Weapons and potential weapons confiscated from the Barrie courthouse
Police in Barrie showed of a big pile of weapons and potential weapons on Thursday, collected from people going into Barrie’s courthouse.
More than 100 pounds of knives, tools and scissors have been left at the courthouse.
“What people bring in and what people carry in their day-to-day possession is strange,” says Barrie Police Special Constable Dave Donald.
All items have been voluntarily turned in at the screening gate.
“Anything that can be used as a weapon, anything that’s sharp, anything that’s metal, that’s what we’re looking for,” adds Special Constable Donald.
People can either return restricted items to their vehicle or give them up. About five years ago, metal detectors were installed in the building and now every bag is screened and every person is scanned.
“If you are coming to the courthouse, you should really think of it as you are going to Pearson Airport,” says Barrie Police Sergeant Curt Phillips.
The screening lowers the risk in an already volatile environment but this heightened security isn’t in place at every courthouse. Courthouses in Orangeville and Bradford don’t have scanners. In a statement, The Ministry of the Attorney General says that’s because the needs of each courthouse are different.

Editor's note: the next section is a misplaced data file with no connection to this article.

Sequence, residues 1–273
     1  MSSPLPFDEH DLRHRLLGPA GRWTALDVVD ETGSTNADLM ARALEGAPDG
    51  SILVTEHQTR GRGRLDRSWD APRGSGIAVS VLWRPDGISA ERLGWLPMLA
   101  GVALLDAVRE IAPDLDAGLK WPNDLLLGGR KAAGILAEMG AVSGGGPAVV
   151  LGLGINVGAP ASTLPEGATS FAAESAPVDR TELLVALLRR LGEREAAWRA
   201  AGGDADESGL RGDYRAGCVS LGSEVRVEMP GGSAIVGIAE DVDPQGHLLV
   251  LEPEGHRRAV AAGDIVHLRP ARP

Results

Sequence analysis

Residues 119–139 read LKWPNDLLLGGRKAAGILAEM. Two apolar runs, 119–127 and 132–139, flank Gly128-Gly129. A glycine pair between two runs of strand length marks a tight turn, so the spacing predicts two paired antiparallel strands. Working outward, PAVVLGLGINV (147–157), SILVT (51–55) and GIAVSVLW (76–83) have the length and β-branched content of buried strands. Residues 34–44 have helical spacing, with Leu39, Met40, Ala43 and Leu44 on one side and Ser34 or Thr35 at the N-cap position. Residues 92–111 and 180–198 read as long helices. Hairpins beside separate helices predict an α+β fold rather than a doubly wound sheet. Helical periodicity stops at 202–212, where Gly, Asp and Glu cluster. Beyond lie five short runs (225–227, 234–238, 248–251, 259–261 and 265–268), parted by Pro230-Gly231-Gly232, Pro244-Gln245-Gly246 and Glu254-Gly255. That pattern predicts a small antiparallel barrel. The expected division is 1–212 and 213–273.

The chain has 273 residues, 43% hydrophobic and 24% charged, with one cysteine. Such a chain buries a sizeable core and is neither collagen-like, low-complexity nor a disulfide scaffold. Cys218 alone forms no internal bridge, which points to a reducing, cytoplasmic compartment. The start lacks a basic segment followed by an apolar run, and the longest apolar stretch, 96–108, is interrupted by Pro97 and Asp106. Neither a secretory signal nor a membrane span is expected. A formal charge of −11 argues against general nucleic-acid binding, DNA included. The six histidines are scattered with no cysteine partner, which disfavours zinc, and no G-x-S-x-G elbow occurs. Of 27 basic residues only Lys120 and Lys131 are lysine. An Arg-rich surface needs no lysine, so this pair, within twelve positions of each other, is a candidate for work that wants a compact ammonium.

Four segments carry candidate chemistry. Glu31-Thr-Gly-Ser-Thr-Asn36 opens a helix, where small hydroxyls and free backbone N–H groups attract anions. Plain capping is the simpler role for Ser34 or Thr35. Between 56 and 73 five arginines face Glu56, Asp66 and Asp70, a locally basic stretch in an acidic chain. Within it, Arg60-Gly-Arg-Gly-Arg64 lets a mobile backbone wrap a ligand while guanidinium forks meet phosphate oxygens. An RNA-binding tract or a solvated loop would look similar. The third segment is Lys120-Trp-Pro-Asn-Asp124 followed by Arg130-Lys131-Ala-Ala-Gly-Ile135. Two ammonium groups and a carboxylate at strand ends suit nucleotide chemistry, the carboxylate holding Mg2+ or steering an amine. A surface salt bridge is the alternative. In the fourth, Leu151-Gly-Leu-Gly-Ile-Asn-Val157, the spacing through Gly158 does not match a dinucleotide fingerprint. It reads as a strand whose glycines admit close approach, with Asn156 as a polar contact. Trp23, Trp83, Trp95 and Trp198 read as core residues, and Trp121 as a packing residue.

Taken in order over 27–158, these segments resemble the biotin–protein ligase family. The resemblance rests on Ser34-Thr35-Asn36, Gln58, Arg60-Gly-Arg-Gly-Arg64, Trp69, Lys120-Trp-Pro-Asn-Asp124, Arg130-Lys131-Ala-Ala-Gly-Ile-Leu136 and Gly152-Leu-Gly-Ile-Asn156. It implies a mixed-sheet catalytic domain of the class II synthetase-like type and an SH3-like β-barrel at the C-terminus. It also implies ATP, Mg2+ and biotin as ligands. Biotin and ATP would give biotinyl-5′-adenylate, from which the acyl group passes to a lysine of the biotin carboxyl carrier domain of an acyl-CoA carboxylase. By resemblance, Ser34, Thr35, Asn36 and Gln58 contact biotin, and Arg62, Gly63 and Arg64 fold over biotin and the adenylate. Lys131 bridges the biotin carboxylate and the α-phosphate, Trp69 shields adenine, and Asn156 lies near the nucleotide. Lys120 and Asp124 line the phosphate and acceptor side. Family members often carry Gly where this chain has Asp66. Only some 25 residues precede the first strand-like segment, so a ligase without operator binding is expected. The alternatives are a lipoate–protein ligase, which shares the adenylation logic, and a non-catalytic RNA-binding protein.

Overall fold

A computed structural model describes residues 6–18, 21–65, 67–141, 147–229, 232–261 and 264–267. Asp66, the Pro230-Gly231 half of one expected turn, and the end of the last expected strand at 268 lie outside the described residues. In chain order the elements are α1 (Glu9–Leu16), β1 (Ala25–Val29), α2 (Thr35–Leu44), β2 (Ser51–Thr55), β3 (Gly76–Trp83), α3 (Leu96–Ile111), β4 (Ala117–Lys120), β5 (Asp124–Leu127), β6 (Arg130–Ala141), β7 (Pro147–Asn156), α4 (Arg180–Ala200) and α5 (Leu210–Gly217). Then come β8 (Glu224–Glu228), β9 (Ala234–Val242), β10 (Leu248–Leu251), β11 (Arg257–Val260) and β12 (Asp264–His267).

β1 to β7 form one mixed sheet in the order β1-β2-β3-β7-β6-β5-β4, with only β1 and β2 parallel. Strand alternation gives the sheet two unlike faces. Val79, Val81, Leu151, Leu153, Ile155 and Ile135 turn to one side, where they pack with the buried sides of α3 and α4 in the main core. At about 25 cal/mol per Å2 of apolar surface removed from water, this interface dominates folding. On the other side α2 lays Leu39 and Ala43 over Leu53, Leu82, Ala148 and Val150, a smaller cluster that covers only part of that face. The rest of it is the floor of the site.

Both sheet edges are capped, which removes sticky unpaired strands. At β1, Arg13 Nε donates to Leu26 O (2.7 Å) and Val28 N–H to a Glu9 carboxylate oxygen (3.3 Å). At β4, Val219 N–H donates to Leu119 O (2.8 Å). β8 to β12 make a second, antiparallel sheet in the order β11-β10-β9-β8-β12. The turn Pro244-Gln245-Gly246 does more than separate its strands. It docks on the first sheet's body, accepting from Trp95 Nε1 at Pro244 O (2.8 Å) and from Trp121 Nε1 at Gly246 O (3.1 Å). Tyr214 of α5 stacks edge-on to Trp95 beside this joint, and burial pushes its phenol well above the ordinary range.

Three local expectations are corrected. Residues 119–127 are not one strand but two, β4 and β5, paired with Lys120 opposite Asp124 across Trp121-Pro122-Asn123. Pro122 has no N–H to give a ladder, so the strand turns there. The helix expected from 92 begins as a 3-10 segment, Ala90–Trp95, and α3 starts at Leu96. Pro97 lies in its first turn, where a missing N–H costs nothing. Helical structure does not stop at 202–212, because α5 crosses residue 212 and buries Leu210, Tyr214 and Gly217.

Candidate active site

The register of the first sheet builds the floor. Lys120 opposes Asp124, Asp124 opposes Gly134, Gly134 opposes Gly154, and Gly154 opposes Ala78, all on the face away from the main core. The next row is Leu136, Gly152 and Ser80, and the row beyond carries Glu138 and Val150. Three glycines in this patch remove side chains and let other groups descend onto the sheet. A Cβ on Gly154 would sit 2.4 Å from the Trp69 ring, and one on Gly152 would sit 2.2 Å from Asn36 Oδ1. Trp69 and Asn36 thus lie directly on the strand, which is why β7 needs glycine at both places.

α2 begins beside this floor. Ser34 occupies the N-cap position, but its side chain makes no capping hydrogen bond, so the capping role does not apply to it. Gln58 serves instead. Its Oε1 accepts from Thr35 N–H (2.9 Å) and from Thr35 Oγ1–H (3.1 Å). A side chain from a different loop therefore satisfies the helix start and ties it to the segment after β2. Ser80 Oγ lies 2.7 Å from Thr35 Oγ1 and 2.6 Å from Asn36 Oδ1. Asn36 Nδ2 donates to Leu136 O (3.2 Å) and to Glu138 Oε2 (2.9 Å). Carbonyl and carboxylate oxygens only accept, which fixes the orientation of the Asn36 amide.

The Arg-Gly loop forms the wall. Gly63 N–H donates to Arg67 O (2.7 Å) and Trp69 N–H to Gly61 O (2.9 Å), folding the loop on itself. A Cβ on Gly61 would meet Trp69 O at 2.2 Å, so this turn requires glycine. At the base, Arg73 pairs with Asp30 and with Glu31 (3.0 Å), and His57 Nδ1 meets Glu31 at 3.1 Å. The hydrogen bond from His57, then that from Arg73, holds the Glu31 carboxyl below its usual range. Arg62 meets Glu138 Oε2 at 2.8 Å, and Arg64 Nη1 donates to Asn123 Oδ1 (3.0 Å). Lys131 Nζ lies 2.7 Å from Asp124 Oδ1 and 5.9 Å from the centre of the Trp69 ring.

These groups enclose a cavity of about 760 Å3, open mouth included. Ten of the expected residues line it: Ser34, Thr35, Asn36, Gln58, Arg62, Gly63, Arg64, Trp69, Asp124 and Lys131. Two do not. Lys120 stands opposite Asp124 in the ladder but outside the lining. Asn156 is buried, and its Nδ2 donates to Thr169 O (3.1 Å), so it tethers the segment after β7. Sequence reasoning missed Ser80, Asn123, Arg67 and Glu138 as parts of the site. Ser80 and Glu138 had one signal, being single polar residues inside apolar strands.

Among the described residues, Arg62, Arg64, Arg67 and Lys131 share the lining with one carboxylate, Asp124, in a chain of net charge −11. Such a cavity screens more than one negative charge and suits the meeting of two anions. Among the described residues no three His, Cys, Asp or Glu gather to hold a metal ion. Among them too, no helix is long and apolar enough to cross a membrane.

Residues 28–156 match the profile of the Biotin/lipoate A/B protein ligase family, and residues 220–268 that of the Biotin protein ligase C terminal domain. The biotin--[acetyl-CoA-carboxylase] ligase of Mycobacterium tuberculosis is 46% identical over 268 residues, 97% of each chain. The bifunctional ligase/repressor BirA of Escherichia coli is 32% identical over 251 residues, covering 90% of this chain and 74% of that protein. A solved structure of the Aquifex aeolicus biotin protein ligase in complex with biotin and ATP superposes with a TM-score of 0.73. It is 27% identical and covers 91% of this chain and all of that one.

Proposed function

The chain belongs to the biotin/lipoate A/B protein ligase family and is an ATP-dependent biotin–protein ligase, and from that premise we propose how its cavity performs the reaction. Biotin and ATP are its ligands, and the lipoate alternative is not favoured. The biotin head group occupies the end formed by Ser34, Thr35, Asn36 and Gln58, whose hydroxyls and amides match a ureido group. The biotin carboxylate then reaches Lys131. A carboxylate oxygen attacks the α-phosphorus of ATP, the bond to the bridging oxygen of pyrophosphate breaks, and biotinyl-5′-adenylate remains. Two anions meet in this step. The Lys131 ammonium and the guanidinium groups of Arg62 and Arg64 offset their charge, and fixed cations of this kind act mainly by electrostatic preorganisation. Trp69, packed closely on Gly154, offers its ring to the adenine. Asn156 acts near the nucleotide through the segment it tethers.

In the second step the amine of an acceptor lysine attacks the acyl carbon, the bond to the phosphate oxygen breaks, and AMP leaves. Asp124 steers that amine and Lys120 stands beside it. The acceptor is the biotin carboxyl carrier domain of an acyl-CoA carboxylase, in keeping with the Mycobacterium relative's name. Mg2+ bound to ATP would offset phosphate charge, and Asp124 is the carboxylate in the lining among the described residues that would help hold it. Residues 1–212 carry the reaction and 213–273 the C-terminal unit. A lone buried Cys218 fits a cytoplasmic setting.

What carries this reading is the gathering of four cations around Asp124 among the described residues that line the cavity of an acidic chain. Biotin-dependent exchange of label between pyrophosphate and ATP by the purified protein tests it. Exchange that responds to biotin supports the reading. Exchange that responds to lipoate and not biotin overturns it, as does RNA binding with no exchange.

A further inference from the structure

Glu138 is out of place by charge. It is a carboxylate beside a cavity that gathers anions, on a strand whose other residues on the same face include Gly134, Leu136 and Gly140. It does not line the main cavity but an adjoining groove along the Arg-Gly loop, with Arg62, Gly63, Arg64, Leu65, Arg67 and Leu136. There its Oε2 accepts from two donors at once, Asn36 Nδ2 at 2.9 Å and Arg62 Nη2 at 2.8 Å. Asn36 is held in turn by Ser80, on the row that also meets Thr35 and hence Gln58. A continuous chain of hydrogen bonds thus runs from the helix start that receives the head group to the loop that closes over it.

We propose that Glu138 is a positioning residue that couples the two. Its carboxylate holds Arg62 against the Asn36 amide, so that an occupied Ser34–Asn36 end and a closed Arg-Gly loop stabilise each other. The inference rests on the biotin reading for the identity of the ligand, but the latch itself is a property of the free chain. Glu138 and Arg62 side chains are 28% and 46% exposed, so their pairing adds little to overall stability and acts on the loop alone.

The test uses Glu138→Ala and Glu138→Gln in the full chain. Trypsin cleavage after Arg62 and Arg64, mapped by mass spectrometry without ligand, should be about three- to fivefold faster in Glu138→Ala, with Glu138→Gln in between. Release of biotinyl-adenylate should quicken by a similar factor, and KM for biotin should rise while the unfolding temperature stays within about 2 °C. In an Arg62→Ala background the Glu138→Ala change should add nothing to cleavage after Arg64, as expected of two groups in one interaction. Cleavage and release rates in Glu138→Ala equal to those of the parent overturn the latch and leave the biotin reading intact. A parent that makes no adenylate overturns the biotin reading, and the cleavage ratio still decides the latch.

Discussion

Officers in Barrie see all kinds of contraband; including wine openers, drug containers and manicure sets. There are also some odd things the scanners pick up.
“The weirdest things I’ve seen coming through the front door would be sex toys and personal items. They come in purses and they are one of the different items we see coming through,” adds Sr. Special Constable Donald.
Sometimes people even hand over things that could get them into trouble.
“They’ll put their drugs in a tray and we’ll question them on it and they will be coming into court on a criminal matter and they’ll bring in their marijuana or some other paraphernalia. That will result in a criminal charge being laid and charges are laid,” says Special Constable Donald.
All items that are voluntarily turned in are destroyed by police.